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2nd Day at Ellnora Guitar Festival


   Pretty Boy's Corner

September 11, 2009
Got up around 8 am and went for a run in Urbana, Illinois. Found a great park and nature center to jog in that I believe they call Crystal Lake Park. Got showered and cleaned up, practiced, and visited until 2 pm when a rehearsal was called to tune up for Saturday night. At the hotel the Krannert Center had a hospitality room complete with beverages, snacks and various amps. It is here that we had our rehearsal. Kevin used a chair and program to play on and I got to play through a Kalamazoo bass amp. This is a vintage tube amp made in the 1960's. I haven't seen one of these since visiting the local music stores in Lowell, Massachusetts when I was just starting out. We sounded good and worked out a tentative set for our 75 minute show. Laurie and Lisa head off to do an interview with the Big 10 television network. It turns out they are doing a one hour documentary of the Ellnora Guitar Festival and a half hour program of Laurie as a U of I alumni, with an engineering degree who played volley ball at the school and is now a blues musician. Nice.

After this we all made it over to the Krannert Center to see Jerry Douglas and his group play. Guthrie Trapp was on guitar (they should call this guy lightning because of his speed and cleanness in playing), Luke Bulla was on fiddle, guitar and vocals, Todd Parks was on acoustic bass, and Chad Melton was on drums. Jerry played a dobro. These guys are serious players. The music they played was in the bluegrass style or what I've heard some people refer to as "newgrass" music. The musicianship was phenomenal and it had to have been one of my favorite performances of the entire weekend. This style of music seems so pure and unpretentious. At one point they did a reworking of a Weather Report song written by Wayne Shorter called 'A Remark You Made.' This song is so beautiful and it brought back memories of the first time I heard it with Jaco Pastorious playing this gorgeous melody on his Fender fretless bass. Cool. This was primarily an instrumental outing with only one song being sung by the Luke. Jerry is very funny and does a great job of emceeing between songs. At one point he announced that they couldn't stay for the whole festival and had to get home the next day because the drummer was getting married. I hope Chad, the drummer, didn't miss his rehearsal dinner.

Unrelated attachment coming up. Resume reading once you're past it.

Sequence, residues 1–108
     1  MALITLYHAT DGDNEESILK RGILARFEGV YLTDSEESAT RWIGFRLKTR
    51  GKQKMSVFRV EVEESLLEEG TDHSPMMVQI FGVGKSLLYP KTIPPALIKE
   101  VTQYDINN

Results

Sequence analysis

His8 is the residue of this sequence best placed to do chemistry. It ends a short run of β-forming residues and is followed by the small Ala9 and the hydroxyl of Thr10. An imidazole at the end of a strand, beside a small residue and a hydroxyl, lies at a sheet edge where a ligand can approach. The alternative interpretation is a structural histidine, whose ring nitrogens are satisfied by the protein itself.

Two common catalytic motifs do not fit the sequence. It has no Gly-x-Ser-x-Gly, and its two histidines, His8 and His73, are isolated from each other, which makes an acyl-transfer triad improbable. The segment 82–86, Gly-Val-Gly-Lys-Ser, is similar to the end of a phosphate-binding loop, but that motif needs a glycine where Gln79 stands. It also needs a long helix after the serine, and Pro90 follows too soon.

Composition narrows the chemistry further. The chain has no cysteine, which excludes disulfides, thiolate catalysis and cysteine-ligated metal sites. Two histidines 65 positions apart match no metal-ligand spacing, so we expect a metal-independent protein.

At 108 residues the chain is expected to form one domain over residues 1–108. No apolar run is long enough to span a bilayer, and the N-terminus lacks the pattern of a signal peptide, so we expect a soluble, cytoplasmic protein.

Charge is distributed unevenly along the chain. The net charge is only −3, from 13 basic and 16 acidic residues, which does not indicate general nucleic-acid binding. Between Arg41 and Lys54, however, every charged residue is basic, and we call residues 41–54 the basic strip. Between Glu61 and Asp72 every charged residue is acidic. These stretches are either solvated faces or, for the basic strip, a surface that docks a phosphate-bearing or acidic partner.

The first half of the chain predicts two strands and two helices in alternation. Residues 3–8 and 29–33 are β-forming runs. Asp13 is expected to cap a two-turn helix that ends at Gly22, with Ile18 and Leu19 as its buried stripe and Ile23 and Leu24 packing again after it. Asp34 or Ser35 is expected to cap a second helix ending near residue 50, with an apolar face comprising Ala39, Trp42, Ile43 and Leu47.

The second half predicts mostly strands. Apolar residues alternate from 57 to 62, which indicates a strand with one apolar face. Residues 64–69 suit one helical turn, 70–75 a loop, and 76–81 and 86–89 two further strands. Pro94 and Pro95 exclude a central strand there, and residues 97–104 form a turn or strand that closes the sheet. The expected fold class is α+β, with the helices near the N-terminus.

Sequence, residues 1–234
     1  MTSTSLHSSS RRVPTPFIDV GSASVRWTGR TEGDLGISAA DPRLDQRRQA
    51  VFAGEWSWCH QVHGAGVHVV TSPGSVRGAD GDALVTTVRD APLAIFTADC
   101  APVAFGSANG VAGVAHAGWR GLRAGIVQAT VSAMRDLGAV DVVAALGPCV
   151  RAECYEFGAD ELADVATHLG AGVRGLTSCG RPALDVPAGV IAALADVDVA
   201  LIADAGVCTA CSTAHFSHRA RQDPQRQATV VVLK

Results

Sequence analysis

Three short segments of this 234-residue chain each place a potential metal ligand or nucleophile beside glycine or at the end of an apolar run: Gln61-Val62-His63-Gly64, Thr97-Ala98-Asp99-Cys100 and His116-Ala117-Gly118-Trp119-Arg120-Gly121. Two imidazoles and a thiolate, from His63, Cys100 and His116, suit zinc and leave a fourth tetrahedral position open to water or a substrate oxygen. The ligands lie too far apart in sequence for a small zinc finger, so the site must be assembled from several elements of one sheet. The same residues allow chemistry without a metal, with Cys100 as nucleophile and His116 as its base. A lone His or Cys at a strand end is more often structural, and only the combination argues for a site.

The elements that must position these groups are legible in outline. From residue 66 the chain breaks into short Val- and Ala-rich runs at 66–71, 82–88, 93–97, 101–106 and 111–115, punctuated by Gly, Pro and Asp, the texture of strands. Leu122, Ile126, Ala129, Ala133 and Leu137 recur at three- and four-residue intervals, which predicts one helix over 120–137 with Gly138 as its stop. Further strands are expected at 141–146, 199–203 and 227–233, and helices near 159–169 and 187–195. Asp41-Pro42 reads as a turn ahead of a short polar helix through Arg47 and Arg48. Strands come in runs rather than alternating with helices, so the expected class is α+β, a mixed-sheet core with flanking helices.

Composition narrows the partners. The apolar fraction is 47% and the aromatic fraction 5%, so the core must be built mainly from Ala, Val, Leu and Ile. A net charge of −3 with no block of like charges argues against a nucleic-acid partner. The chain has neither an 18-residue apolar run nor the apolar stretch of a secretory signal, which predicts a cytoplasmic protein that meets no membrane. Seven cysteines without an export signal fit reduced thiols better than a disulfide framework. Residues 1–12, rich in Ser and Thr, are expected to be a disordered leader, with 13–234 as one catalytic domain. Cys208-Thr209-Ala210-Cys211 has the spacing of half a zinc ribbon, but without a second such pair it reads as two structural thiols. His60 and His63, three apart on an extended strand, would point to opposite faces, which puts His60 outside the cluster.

Susan and I then went in search of food and we found a nice Italian place called the 'Bread Café' where we had a nice meal. I had garlic pizza. Susan had the fish. We then got back to the Krannert Center in time to check out Pandit Debashish Bhattacharya (say that one time real fast), a sitarist who has created a whole new kind of instrument which allows him to play the sitar like a slide guitar. Unfortunately he was cancelled with no information as to why. This was too bad, as I wanted to see what this new kind of instrument was all about. We then hung out just digging the vibe and visiting with friends and making new acquaintances. Laurie's parents were there and we enjoyed visiting with them. At 10 pm the Keb Mo show was starting and we made sure we were there on time and ready to enjoy. Keb and his band did a fine set. They opened with half a dozen songs and then he asked for requests from the audience. I sang one of his songs, 'The Action', to Susan at our wedding reception and so Susan and I shouted out our request but, either he did not hear it or it was one he did not feel comfortable doing, because he did not play it. Oh, well. We enjoyed the music he and his band provided and he always seems to please. The whole band and Laurie's parents head back to the hotel after the show.